Anybody being picky about the Vaccine you take?


(bulkbiker) #21

But you can’t know that as the phase 3 trials will not be complete until 2023 and long term we have zero idea what side effects the treatment may bring over time.


(Bacon by any other name would taste just as great.) #22

It is possible, however, to take an educated guess. I’d venture to guess that most of the decisions you have made in your life were based on such best guesses, and not because you knew for sure.

And in the larger sense, scientifically speaking, certainty is impossible in any case. It looks as though Einstein’s improvements on Newton are correct, but we don’t know that, and someone could still come along with further improvements to our view of things. All we can say from a scientific point of view is that "the data all tend to suggest . . . "


(bulkbiker) #23

Once we have the data yes… 2023 is still a while away though…


(Karen) #24

Believe me I feel grateful and happy that I have had the vaccine… we all know what the effects of having covid can be .


(Joey) #25

Perhaps this 7 minute video might help clear up some misconceptions…


(I admin it, that’s a terrible pun.) #26

I appreciate that video. I think it did a good job helping define what the numbers we read in the headlines really mean.

It did make a good point about the purpose of the vaccines. They’re not about keeping us getting infected with SARS-CoV-2, but rather keeping us from having serious symptoms from COVID-19.

While I would like to think of numbers as being more finite (2+2=4), it’s obvious that they can be “massaged” a bit.

I do take one exception to the video though, they said that in the vaccine group no individuals had died or were hospitalized from COVID-19. While maybe being technically true, no deaths or hospitalizations of COVID-19, there have been numerous reports of deaths and injuries of individuals following their vaccination.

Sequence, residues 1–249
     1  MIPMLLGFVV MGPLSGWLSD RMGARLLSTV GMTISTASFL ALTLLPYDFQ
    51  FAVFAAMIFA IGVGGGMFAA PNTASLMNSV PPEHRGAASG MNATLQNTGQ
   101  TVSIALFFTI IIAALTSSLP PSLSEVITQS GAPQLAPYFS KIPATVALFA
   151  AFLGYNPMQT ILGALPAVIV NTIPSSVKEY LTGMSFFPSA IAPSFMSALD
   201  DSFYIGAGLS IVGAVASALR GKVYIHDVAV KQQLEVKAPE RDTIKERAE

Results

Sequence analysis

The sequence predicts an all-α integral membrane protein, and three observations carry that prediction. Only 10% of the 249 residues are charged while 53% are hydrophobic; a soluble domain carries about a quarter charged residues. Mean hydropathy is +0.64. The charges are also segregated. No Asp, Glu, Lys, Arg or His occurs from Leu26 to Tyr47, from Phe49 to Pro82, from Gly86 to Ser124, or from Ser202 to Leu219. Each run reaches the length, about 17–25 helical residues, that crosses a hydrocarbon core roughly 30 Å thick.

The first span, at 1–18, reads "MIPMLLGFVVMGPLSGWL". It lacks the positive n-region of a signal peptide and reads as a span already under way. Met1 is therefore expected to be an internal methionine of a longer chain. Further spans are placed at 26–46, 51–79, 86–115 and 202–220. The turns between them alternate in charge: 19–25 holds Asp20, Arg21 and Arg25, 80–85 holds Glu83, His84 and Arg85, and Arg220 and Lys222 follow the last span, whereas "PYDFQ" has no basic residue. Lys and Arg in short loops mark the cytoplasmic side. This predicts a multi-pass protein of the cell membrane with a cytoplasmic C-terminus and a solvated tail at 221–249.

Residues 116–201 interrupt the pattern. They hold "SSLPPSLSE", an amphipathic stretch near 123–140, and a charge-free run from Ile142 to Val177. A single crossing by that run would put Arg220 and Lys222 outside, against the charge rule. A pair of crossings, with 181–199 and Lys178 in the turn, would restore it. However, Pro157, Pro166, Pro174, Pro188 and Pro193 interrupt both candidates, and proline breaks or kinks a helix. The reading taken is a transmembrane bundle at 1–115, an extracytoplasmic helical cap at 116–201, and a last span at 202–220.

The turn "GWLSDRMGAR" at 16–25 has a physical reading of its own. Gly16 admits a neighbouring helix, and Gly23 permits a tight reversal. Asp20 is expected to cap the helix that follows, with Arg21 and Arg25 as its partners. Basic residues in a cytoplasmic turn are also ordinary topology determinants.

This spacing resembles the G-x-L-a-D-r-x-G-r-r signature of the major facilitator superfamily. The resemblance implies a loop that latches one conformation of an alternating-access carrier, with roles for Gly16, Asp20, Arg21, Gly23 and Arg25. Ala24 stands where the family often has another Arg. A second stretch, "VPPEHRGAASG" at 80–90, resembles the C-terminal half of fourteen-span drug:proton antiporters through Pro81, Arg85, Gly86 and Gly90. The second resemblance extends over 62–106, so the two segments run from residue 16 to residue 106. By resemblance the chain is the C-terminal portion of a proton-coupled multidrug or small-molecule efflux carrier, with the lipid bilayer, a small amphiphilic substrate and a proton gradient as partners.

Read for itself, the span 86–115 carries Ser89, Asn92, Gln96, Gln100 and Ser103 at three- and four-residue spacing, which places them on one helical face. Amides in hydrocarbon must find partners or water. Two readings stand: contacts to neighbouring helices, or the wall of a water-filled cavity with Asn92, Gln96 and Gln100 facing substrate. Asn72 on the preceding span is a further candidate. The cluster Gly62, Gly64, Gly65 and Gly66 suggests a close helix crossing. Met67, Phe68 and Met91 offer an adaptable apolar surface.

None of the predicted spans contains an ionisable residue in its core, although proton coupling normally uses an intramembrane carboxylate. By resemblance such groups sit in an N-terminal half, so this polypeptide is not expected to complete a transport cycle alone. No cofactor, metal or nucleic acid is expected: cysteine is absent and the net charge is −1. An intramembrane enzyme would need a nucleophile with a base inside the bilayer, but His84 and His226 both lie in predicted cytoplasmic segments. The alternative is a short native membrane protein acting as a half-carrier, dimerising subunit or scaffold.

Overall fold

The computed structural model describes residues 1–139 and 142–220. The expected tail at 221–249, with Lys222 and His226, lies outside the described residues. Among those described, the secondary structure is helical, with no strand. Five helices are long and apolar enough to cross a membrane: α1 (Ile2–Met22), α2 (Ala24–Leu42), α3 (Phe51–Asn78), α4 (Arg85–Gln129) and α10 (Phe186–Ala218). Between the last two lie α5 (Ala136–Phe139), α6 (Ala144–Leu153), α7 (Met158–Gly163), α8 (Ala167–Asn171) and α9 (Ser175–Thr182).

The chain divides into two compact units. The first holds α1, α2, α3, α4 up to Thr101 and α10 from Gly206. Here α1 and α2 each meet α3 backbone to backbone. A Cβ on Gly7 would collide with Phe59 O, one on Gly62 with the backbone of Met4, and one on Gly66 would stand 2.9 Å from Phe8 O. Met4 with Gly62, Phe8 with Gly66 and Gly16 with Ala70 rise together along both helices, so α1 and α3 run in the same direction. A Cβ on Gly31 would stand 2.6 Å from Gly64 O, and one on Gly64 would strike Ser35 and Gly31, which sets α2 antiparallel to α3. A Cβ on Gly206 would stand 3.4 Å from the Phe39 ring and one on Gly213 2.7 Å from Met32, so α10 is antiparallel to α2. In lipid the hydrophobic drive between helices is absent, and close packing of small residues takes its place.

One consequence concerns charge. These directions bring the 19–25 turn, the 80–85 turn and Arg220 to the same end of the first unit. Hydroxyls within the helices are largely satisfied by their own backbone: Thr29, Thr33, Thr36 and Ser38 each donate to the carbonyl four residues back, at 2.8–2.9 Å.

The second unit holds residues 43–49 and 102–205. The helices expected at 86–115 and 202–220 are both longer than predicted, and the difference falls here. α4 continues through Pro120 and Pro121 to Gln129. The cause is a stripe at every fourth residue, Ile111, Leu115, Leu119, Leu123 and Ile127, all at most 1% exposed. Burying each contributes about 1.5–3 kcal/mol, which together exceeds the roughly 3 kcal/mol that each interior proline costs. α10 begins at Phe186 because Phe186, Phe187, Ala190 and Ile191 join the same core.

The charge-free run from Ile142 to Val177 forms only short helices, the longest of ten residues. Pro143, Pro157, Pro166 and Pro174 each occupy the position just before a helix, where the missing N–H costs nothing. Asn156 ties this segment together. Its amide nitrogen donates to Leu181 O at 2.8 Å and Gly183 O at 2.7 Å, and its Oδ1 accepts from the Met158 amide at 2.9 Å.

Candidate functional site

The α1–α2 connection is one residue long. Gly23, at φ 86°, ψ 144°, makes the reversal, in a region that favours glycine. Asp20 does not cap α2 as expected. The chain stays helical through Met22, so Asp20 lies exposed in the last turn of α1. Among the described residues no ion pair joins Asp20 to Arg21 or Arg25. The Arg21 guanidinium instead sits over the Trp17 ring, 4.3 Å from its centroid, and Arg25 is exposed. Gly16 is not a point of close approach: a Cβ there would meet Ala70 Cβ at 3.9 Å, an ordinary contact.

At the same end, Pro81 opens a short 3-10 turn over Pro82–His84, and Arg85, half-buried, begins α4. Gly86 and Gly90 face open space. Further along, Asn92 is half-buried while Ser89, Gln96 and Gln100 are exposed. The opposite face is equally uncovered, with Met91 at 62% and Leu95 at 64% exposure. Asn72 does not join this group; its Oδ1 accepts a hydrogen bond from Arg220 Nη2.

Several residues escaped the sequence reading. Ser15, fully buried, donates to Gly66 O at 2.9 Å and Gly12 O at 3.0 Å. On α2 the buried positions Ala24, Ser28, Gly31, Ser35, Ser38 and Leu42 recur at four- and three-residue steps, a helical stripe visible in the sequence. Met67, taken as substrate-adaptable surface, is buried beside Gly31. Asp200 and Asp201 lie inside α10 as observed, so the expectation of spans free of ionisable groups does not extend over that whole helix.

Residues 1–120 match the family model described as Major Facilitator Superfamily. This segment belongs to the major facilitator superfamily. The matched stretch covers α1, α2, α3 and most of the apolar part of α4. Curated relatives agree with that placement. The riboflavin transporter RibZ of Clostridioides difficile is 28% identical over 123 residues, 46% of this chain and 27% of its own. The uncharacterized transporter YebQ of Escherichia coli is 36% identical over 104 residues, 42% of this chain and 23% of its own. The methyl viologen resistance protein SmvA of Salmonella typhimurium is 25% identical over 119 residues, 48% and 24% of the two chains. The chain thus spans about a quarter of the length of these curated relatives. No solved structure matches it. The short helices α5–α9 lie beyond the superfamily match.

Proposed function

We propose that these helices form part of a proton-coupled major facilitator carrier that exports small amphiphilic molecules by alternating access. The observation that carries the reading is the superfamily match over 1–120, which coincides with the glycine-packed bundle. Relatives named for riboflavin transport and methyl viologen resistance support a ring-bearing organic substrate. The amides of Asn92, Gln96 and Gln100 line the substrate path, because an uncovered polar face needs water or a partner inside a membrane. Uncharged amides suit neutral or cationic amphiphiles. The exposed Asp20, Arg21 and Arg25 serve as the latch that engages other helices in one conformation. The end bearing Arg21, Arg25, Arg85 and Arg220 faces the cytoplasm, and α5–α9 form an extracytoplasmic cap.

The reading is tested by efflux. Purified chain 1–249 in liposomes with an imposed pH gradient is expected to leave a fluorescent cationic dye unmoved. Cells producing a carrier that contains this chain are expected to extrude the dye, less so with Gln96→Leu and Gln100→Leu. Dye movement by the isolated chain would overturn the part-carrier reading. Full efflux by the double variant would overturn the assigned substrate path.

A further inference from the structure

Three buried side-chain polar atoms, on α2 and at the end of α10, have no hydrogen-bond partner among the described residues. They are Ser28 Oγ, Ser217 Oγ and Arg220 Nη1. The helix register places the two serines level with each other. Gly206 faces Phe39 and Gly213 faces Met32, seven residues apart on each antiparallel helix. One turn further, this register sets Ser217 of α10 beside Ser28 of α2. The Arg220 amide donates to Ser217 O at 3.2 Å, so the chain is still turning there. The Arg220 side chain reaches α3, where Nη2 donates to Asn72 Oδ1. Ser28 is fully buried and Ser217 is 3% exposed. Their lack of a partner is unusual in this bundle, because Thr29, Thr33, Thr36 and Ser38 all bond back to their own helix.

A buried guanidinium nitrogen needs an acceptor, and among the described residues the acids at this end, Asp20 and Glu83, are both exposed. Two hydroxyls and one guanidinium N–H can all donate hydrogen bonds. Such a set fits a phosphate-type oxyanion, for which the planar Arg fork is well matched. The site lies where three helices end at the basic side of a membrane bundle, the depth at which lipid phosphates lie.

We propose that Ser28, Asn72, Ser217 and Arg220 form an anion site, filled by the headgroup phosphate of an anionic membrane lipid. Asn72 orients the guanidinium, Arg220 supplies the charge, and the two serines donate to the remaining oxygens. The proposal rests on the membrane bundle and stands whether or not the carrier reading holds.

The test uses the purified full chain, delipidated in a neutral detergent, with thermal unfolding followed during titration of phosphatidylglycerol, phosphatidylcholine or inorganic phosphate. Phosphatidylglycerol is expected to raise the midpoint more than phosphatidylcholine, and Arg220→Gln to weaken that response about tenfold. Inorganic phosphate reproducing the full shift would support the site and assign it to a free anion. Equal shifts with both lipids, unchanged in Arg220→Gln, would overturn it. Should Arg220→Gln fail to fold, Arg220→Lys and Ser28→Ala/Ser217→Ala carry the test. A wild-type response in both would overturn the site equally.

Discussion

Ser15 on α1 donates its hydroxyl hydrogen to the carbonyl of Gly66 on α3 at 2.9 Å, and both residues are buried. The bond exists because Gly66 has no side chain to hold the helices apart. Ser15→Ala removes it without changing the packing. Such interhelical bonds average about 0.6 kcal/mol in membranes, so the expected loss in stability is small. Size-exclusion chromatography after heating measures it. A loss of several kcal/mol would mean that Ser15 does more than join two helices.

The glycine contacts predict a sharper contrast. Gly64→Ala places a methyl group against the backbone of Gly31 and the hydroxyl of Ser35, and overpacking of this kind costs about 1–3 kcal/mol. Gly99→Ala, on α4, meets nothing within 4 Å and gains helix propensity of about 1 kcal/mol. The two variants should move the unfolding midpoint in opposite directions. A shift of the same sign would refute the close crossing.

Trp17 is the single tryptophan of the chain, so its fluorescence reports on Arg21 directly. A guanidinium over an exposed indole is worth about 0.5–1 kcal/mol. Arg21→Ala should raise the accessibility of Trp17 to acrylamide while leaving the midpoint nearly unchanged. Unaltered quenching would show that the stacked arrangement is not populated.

I think that has to be taken into consideration.

I’m fine for anyone who wants to take the vaccine if they choose to, but I think they need to have all the information in front of them, in order to make an informed decision on what’s best for them.


#27

As somebody with Scalp Psoriasis, my thoughts exactly! I watched a video from a professor in molecular genetics on it and her description made sense from the other stuff I’ve heard from the “officials” on how it’d work, with another side to it. It’ll take that protein and put it in us, because of how it works it’ll be everywhere. If we’re exposed and the switch get’s flipped, our immune systems will attack, but it’ll be EVERYWHERE! Which is why I think the whole discussion of autoimmune began. I can’t find much in the mainsteam other than them saying it doesn’t cause autoimmune issues, but if it doesn’t (or didn’t in trials) why’s it being addressed so much?

I try not to crank down my foil hat (too) tight… but somethings there at some levels.


(Ethan) #28

I specifically chose not J&J because I have specific concerns with clot risk if I got Covid, as well as risk transmitting to my 9-year-old son, who had multiple autoimmune conditions and isn’t old enough for a vaccine. J&J had poor efficacy relative to Moderna and Pfizer against wild-type Covid, and while J&J had good efficacy against severe illness for all types, blood clots were not considered severe. Moreover, in the vaccine group of the trial, there were 15 thromboembolic events, but 0 in the control group! While that wasn’t statistically significant, I didn’t want that risk.

I got my second Moderna shot friday


(Ethan) #29